Guide to Boston Divorce Mediation
While Massachusetts is statistically one of the states in the Union with the lowest divorce rates in the United States, a very large number of couples in Boston and surrounding areas including Needham and Brookline still face the very difficult problem of divorce. Divorcing couples should understand their options before making a rash decision to immediately file for divorce.
Boston Divorce cases are either “contested” or “uncontested”. Divorce Mediation serves to help divorcing parties file an “uncontested” case which is called a “1A” case in Massachusetts (for the statute such actions are filed, M.G.L.A. c. 208, Sec. 1A). Uncontested cases take much less time to finalize than contested cases. Here’s why: there is a six-month waiting period after a judgment of divorce is entered under an uncontested “1A” divorce. Although there is only a three month waiting period following a judgment of divorce under a contested divorce filing before the divorce becomes absolute, parties must wait six months before the court will allow them to file their agreement in a contested case and then the three month waiting time begins after that. In essence, uncontested cases usually take just over six months to complete and contested cases will take at least nine months to complete.
Scheduling an appointment with a qualified Boston divorce mediator right away not only will help get the process moving, it will help get the process moving in the right direction. The right direction in any divorce case is to reach an amicable conclusion without spending a lot of money on lawyers. You may be shocked to learn that parties who argue over what ultimately are inconsequential or unimportant issues may spend over half of their liquid assets on divorce attorneys during a divorce case. We have been involved in cases where parties spend into the millions of dollars on divorce lawyers, experts involved in the case, and other associated expenses. Sometimes extremely high attorney’s fees incurred in a divorce cannot be avoided, for example when one party is hell-bent on litigation and refuses to settle. But for the majority of people faced with the proposition of divorce, both parties have some level of agreement and are willing to give a cooperative and collaborative approach a try. An experienced divorce mediator can help bring the parties together on issues that they do not agree upon.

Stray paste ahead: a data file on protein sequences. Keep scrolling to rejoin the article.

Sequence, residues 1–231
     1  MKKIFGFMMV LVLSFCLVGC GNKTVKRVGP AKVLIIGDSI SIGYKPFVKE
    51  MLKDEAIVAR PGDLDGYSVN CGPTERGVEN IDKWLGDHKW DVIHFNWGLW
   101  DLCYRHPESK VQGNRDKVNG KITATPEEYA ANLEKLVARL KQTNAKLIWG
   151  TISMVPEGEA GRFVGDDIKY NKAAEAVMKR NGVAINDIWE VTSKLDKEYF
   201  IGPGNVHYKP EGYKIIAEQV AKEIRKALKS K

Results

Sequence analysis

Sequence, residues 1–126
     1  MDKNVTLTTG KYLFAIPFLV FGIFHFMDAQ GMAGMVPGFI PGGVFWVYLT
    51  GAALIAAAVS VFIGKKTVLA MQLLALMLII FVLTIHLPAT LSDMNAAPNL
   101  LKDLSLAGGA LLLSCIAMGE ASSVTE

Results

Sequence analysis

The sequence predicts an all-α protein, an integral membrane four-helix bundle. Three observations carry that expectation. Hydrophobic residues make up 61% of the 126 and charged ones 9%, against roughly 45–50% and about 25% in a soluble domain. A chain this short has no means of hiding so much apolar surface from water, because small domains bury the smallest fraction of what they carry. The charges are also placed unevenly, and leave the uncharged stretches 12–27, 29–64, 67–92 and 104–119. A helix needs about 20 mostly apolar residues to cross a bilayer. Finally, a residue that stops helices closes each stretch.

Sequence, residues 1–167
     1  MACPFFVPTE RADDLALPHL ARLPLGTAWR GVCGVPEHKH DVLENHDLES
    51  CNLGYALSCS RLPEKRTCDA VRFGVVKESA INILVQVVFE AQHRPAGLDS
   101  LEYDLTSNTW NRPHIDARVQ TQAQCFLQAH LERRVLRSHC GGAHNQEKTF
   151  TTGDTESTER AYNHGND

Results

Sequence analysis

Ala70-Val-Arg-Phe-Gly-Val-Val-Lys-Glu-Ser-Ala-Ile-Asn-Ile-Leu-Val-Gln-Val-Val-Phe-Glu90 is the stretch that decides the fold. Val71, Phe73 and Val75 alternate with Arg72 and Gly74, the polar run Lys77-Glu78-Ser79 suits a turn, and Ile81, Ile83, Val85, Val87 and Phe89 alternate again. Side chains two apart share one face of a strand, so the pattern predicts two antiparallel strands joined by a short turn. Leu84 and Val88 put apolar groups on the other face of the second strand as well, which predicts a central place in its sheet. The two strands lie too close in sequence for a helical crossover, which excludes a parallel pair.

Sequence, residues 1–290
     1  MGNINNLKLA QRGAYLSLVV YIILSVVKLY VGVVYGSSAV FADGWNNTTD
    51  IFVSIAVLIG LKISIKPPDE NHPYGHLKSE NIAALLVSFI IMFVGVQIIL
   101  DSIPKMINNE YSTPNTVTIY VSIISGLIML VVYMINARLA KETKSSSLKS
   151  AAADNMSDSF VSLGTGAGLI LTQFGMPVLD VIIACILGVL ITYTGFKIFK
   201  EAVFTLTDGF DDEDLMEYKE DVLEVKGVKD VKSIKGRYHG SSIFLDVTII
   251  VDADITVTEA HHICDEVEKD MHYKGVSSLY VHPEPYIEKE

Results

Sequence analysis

It is estimated that parties litigating a divorce case spend a combined $7,000 – $10,000 on lawyers and associated expenses. This is probably an underestimate and this amount is certainly higher for couples with substantial assets. Parties that amicably resolve their case through mediation nearly always spend less than $4,000 on the entire process, leaving a significant amount of money to the parties and their children.
When faced with divorce, it is imperative that couples take a moment to think about the consequences of heading into “litigation mode” and starting a divorce. Litigation has its benefits in some cases, but should be avoided if at all possible in the majority of cases. Litigation is expensive, time-consuming, and rarely ends any better than mediated agreements will result at the early stages of a divorce case.
In Boston, which lies in Suffolk County and is the largest major city in the county, Norfolk County and Middlesex County in Massachusetts, it is estimated that nearly ten thousand divorce cases are filed every year. A significant number of these cases are “uncontested” cases, but many more can and should be uncontested further, many of the uncontested cases that are filed in Boston, Cambridge and Brookline among other cities, are filed within inadequately prepared settlement (also called separation) agreements.
Divorce Mediation Statistics in Boston and Cambridge, MA
Massachusetts divorce rates are some of the lowest in the nation, with less than 3% of the total population filing for divorce. Interestingly, the states that have allowed for same-sex marriages or registered domestic partnerships have the lowest divorce rate by recent studies. According to the 2010 census, the states with the highest divorce rate include Oklahoma, Arkansas, Nevada, West Virginia and Alaska. Nevada appears to have the highest divorce rate for the obvious reason that many marriages are based on an impromptu decision.
The states with the lowest divorce rate include Massachusetts, New Jersey, Connecticut and Vermont among others. Not inconsequentially, these states also are the “smartest” states with the residents having the highest level of education. Massachusetts is also always in the top five rankings of states with the highest income level per capita. Given that Massachusetts is one of the most educated in the country and the per capita income level of its residents are so high, it begs the question, “Why aren’t more divorce cases in Boston, Middlesex and Norfolk County settled by mediation?”